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Physical, Chemical, Biological Weathering - Weathering | 11th Geography : Chapter 4 : Lithosphere: Exogenic Processes

Chapter: 11th Geography : Chapter 4 : Lithosphere: Exogenic Processes


Weathering is the process of disintegration and decomposition of rocks.


Weathering is the process of disintegration and decomposition of rocks. It is due to the action of climate, plants, animals and other living organisms which cause the rocks to break down physically, chemically and biologically.

There are three types of weathering. They are physical weathering, chemical weathering and biological weathering.

Physical weathering

Physical Weathering is the disintegration of rock mainly induced by elements of weather. It produces smaller, angular fragments of the same rock. It is caused by the change in temperature, pressure, water and wind. Physical weathering is further divided into different categories. They are thermal weathering, frost wedging and exfoliation.

1. Thermal weathering

In arid and semi-arid areas, the temperature increases, heat up and expand the rocks during the day and contract the rock materials when cooling at night. Under extreme temperature conditions, due to alternate expansion and contraction, the rocks crack and eventually split. The thermal weatherings are of two types. They are;

1.        Granular disintegration and

2.        Block disintegration

Alternate expansion and contraction of minerals of varying properties in the rocks due to temperature changes, makes the rocks break down into small pieces (Figure 4.2). Due to this, the breakup of rocks occurs, grain by grain. This is known as granular disintegration.


Block disintegration occurs in rocks such as granite rock. So in the areas of jointed igneous or layered sedimentary rocks due to the great diurnal range of temperature, the rocks may break up along the joints and cracks into a large rectangular shaped blocks.


2. Frost Wedging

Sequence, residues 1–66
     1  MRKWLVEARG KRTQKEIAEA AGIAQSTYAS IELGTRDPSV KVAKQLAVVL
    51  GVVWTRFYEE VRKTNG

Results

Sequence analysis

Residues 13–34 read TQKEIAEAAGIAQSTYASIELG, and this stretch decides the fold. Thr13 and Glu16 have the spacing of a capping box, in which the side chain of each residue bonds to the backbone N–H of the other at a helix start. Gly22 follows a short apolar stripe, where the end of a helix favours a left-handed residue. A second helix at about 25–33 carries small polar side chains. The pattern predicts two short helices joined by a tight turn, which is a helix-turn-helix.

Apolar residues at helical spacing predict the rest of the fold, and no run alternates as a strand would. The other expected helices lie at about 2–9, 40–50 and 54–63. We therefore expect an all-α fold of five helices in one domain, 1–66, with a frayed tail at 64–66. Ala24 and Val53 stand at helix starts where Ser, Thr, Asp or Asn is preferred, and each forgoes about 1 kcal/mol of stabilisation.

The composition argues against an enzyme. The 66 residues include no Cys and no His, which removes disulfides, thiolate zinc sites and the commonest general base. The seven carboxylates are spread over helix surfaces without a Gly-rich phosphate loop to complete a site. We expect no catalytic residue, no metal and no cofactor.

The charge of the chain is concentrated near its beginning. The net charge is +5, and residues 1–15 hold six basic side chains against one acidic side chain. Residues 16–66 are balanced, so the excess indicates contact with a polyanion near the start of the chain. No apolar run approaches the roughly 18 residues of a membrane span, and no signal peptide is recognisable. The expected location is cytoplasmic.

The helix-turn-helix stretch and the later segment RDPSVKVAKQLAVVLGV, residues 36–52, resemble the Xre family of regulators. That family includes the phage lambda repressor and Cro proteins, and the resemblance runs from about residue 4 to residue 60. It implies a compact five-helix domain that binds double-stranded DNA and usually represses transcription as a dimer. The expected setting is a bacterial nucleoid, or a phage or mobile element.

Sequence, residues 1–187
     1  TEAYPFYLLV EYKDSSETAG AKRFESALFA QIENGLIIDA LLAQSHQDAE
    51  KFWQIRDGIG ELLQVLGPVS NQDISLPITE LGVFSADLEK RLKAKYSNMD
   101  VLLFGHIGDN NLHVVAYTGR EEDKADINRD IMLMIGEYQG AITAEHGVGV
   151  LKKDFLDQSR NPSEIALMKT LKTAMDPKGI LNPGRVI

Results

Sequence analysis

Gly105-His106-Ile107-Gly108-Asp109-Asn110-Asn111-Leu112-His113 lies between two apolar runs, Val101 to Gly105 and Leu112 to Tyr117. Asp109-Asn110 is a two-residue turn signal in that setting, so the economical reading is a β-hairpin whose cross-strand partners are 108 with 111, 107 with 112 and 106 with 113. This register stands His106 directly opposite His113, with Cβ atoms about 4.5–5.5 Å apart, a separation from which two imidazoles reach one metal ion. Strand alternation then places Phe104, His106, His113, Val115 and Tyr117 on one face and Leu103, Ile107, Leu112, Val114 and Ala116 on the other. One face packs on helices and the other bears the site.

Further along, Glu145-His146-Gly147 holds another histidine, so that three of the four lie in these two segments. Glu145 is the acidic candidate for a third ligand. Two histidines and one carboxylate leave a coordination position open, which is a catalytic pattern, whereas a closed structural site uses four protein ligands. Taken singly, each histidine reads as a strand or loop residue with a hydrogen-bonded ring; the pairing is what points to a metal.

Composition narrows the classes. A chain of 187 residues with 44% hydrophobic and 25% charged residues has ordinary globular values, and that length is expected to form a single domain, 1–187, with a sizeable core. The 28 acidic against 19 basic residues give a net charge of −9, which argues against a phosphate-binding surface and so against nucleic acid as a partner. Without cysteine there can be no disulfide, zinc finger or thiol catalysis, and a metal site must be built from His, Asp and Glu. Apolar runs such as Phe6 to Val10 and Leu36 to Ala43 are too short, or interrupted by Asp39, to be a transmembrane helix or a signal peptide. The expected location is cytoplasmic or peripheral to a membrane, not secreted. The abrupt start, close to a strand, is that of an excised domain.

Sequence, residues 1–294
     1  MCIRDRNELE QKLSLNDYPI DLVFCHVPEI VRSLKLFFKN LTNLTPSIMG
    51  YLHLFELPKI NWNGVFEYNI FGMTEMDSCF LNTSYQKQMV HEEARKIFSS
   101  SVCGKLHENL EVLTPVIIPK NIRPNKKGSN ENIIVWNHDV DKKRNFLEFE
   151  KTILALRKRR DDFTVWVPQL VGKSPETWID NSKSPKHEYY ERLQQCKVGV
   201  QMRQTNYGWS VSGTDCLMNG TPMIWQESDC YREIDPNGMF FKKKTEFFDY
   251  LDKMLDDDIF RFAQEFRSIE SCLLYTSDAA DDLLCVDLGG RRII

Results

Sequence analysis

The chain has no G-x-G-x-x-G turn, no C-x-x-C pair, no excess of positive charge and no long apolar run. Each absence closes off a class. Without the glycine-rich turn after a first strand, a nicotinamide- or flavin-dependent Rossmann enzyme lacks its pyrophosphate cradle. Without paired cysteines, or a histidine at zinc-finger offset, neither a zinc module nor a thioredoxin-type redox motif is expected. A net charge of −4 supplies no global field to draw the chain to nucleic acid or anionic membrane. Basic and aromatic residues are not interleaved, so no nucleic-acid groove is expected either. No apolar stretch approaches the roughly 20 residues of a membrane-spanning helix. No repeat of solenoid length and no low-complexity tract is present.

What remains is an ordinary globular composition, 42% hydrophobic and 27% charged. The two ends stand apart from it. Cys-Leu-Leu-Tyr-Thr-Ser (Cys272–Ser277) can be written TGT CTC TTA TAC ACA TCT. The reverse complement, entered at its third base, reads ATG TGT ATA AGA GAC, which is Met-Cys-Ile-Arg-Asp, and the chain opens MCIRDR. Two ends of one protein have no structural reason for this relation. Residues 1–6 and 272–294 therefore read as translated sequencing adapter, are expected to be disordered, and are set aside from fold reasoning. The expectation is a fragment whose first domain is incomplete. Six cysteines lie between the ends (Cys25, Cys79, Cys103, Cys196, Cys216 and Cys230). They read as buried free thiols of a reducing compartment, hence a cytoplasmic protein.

Almost all liquids contract when frozen, but when water freezes it becomes larger in size or takes up more space. As water expands it puts great pressure on rocks. 

When water enters into the cracks of rocks and freezes, the pressure exerted on the rock is enough to wedge the walls of the crack farther apart, thus expanding and deepening the crack. Thus, frost wedging results in weathering of rock.

3. Exfoliation

Rocks generally heat or cool more on the surface layers. The alternate changes in temperature could cause their outer layers to peel off from the main mass of the rock in concentric layers just as the skin of an onion. The process by which curved layers of rock breakaway from the rock beneath them leaving behind dome shaped monoliths is called exfoliation (Figure 4.2). It is also called as ‘onion weathering’. Exfoliation occurs commonly in the arid areas.

Chemical Weathering

Chemical weathering is the decomposition of rock. For example it creates altered rock substances, such as kaolinite (china clay) from granite. The types of chemical weathering are as follows:

1.        Solution: Some soluble minerals in the rock get dissolved when come in contact with water. Over a long period minerals get washed away from rock and sometimes leading to the formation of caves.


2.        Oxidation: When oxygen combines with water and iron, it weakens the rock and breaks it. Example, rusting of iron.


3.        Hydrolysis: It is the chemical breakdown of a rock substance when combined with water and forms an insoluble precipitate like clay mineral. The most common example of hydrolysis is feldspar found in granite changing to clay.


4.        Carbonation: Carbonation is the mixing of water with carbon dioxide to make carbonic acid. This acid reacts with minerals in the rocks. This type of weathering is important in the formation of caves.


5.        Hydration: It is the absorption of water into the mineral structure of the rock. Hydration expands volume and also results in rock deformation. A good example of hydration is the absorption of water by anhydrite, resulting in the formation of gypsum.


Biological Weathering

Biological weathering is the alteration of rock by the action of plants, animals, and man. Burrowing and wedging by organisms like earthworms, termites, rodents, etc., help in exposing the rock surfaces to chemical changes with the penetration of moisture and air. Human beings by removing vegetation for agriculture and other activities also help in mixing and creating new contacts between air, water, and minerals in the rock materials. Plant roots make a great pressure on the rock materials mechanically breaking them apart.

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